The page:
MAST has two cruising moorings at Coles Bay – MAST PM4 and MAST PM1

On the Schouten side of the passage there is Moreys and further east Gravelly. Moreys will  give protection from the E to the S and W.

Gravelly will give shelter from the NE around to the W but ensure you get a decent hold as dragging is not uncommon due to the granite base under the sand.

Another nice anchorage is Hen and Chicken Bay on the southern side of Schouten; there is not a lot of room but well worth a visit in W through to N and NE conditions.

Hen and Chicken Bay, Schouten Island – looking back to the SE

From Schouten Passage you can also visit Wineglass Bay, a distance of 9 nm north. Wineglass Bay gives protection in E through to NW conditions.

On the Freycinet Peninsula there is also a nice anchorage suitable in NE through to S at Cooks Corner, just north of Weatherhead Point. If leaving from Little Swanport and the breeze kicks in from the west, there are good anchorages at Mayfield or the southern end of Grindstone Bay. This anchorage however can get a little roly!

Another great anchorage in Schouten Passage on the Freycinet side is Bryans Corner which is the most popular anchorage in North Easterly sea breeze weather.

Mayfield with Maria Island in the background to the south

Little Swanport, sometimes known as Saltworks, has a good boat ramp and pontoon and a barway crossing into Great Oyster Bay. Entry is limited to trailer boats however a planning style 40 footer could get in at the right tide – you should seek local knowledge.  

Saltworks Ramp at Little Swanport and entrance from Great Oyster Bay, looking East to Schouten Passage
Wineglass Bay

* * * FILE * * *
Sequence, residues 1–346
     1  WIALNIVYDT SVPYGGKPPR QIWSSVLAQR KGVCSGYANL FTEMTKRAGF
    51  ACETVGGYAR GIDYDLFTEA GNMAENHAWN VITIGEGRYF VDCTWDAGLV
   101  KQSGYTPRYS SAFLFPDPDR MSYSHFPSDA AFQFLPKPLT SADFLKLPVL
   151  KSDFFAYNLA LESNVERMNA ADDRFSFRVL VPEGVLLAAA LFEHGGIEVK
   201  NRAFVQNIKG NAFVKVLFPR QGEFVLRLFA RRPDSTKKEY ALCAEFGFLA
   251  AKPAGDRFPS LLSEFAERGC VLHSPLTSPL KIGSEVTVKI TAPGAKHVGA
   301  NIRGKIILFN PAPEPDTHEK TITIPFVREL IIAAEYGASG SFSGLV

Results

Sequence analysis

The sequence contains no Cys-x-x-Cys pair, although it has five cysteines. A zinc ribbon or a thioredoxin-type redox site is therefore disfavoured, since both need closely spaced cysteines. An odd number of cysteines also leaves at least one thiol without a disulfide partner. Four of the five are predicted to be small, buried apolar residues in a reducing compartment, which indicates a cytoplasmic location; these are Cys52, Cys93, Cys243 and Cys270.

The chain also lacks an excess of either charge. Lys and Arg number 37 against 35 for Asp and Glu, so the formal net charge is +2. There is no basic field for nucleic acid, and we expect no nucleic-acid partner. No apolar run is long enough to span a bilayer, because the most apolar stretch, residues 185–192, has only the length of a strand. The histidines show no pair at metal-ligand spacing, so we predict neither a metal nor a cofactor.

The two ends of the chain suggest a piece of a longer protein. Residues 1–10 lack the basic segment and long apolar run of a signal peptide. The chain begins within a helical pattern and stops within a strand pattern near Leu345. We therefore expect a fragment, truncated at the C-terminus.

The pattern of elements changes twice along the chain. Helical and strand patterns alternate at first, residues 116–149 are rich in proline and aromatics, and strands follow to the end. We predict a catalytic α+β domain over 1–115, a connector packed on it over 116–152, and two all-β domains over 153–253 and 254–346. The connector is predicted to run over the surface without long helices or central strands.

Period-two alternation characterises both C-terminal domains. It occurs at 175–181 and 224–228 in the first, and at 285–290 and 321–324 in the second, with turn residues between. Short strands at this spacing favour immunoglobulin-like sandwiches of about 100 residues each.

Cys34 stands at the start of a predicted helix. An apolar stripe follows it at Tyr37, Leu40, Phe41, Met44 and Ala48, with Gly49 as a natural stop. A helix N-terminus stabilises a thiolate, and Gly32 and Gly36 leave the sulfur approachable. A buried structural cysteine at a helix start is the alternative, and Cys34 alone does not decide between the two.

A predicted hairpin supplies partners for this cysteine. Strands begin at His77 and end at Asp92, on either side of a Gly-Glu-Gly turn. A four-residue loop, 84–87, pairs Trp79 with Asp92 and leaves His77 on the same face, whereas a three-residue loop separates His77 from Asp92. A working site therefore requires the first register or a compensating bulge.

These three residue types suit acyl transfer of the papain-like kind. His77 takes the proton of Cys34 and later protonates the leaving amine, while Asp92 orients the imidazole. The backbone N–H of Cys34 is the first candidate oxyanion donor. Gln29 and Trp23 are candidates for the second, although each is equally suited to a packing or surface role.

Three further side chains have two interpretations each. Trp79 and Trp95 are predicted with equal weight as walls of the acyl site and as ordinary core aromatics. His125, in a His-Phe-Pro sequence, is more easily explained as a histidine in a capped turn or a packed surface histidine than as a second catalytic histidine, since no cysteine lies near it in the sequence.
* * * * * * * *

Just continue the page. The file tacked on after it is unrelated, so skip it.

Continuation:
Many trailer boats are now accessing Schouten Island from Little Swanport, a distance of 13 nm or just 40 minutes at 20 knots.

Car parking at this venue is plentiful but there is no security.  Care should be taken crossing the barway.  Larger planing hull boats to 40 feet have been known to be able to access Little Swanport, however it is not recommended unless you have someone on board who knows the area.

Must sees:

  • Wineglass Bay
  • Bryans Corner – Schouten
  • Moreys
  • Hen and Chicken Bay – Schouten
  • Beaches north of Little Swanport – ideal for trailer boats in Westerly weather

Swansea is also a popular launching spot.   The ramp however is subject to sand movement and siltation when easterly weather patterns prevail. Alternative ramps are at Coles Bay or further south at Little Swanport. Prior to launching at Swansea ensure you check the ramp.

The town has all services and is one of the busiest on the east coast. Driving from Launceston or Hobart is around the same time if towing a boat.

Triabunna, Orford and Dunalley also offer great departure points for the Maria Island experience
Triabunna Port

(Charts AUS 170 & 175)

If leaving for Chinamans Bay from Triabunna, allow around 35 minutes at 20 knots – it is a distance of slightly over 12 miles. Chinamans is ideal in most conditions.  If blowing W-N, tuck up well into the northern end of the bay and if blowing SW go to the southern side, but it is only suitable for shallow draft boats. The Deep Hole is a popular anchorage in N-S; this is half way along the neck.

A great anchorage on the eastern side of the island is at Whalers Cove at the northern end of Riedle Bay.  This is ideal in NW through to E and smaller boats can get some way up the creek to an ideal camping spot.